The support of sceptical nations that still rely on high-carbon energy could also pivot on the ‘green’ authority of the US Biden administration; the current chaotic international backdrop may not be helpful.

Many countries also expect their delegations to be barred from COP26 by pandemic restrictions; digital discussions rather than ‘face-to-face’ negotiations could water down their commitments.

Action this day

Whatever the diplomatic agreements, high-level declarations and post-summit communiques, the success of COP26 will only be as good as real actions on the ground.

Lancashire is on firm ground to decarbonise, but also go much further and provide much-needed entrepreneurial low-carbon leadership with the strong support of its innovative industrial base and advanced manufacturing capabilities, explains Miranda Barker.”

“We need action now,” she says. “No more open-ended strategies. The time for talking is now done! Instead, Lancashire County Council and our district councils are coming together and what we need from them is a real action plan if we can no longer rely on policy from the Government.

“This will mean, for example, that strategic decisions on where and how to provide renewable low-carbon power, and the necessary resources, will be taken locally by councils – working closely with our world-leading private sector.

“What we need is coordination like never before,” she adds!

Made in modern Lancashire

Unlike some northwest metropolitan authorities that are restricting their focus to decarbonisation their industrial base and offsetting, Lancashire is already the home of world-leading manufacturing giants like Rolls Royce, which is part of the effort to develop small modular reactors (SMR) with a high export potential.

In future, the county could be a focus for manufacturing specialist electric vehicle (EV) batteries, ground heat pumps, plus evolving energy-from-waste and energy-from-plastic-waste technologies.

“We have a lot to gain from low-carbon technologies,” Miranda adds. “The more the market pushes in that direction, the more work we will win.” She also thinks SMR nuclear power as an interim energy source is essential.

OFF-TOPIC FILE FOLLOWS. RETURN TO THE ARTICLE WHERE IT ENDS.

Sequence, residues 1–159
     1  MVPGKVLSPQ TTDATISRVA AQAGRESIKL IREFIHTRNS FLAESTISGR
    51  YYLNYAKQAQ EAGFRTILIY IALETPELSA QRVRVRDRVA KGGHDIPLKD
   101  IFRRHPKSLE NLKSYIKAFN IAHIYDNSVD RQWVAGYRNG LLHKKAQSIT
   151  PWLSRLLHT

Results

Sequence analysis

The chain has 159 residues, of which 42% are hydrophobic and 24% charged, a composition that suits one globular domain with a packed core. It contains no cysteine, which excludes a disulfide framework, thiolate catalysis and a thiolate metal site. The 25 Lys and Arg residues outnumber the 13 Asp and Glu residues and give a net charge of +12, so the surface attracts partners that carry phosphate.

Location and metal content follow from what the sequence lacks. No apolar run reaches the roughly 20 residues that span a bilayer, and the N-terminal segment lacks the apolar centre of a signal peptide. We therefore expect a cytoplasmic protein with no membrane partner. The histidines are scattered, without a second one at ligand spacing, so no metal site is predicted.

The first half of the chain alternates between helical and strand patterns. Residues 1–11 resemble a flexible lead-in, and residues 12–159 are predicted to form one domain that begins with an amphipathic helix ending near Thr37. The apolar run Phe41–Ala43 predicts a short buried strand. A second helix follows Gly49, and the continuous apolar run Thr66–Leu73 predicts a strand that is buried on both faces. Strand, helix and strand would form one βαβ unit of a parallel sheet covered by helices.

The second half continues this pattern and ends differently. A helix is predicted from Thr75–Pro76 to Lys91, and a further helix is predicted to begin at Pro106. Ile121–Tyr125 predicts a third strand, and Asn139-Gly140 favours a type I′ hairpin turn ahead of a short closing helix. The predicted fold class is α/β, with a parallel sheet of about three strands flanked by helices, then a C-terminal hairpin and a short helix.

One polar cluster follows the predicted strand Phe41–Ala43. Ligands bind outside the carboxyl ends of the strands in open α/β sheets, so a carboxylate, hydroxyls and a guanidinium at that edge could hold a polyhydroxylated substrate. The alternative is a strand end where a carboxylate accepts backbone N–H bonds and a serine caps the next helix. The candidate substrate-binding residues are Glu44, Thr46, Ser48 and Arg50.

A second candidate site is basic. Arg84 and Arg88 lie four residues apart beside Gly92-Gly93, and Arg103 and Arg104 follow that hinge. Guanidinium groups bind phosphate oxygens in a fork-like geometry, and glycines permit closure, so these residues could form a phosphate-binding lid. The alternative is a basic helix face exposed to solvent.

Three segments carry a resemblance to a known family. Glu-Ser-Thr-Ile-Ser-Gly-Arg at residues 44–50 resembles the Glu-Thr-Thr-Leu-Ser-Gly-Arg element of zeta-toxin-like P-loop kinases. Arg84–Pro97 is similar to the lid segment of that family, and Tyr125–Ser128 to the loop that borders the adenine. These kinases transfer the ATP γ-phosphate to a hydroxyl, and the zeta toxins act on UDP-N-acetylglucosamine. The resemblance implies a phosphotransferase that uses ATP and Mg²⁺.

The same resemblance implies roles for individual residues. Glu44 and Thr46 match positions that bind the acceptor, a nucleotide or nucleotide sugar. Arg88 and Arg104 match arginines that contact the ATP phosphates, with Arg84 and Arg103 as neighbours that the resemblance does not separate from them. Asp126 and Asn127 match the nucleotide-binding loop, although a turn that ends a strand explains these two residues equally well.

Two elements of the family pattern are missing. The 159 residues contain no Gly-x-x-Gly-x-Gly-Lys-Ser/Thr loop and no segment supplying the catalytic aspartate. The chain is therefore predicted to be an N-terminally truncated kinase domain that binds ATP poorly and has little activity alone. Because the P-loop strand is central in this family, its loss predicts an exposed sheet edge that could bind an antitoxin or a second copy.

“There are two key points I would like to make,” she says. “The first is that this is definitely not an exchange or trade-off of growth versus climate. The second is that as a nation we have to get off our backsides and act!”

Action footnote

Being very practical for a moment, Liz Harper from Smart Energy GB. Liz also joined us in August to explain the important benefits of smart meters for businesses.

If you missed her Lunch and Learn presentation, see it again at (https://www.youtube.com/watch?v=2Kn3ql7b7oE. More Smart Energy information is available at https://www.smartenergygb.org/en/about-smart-meters/smart-meter-benefits-for-small-businesses?utm_medium=Email&utm_source=Newsletter&utm_campaign=Partnership&utm_content=East-Lancashire


One area where the county currently lacks resources is in the production, storage, distribution and use of hydrogen. In the first instance, a limited supply chain means that the gas will be used in hard-to-reach power sectors, such as large transport solutions and heating.

This is where the Government’s hydrogen strategy published in August could be important (UK hydrogen strategy – https://www.gov.uk/government/publications/uk-hydrogen-strategy).

From a low-carbon perspective, ‘blue’ hydrogen made by stripping methane with the unfortunate by-product of unwanted carbon dioxide is an anathema.

Interestingly, the Government’s view, which is supported by the usually very strict Climate Change Committee, is that until sufficient ‘green’ hydrogen can be produced, ‘blue’ hydrogen will be needed to allow time for businesses to make the crossover.

Ultimately, the goal is for 5GW of low-carbon hydrogen production capacity to be in place by 2030.

“Wake up call” climate study to be released

It is important to note just why the IPCC’s August report – the most comprehensive assessment of global heating since 2013 – is so important.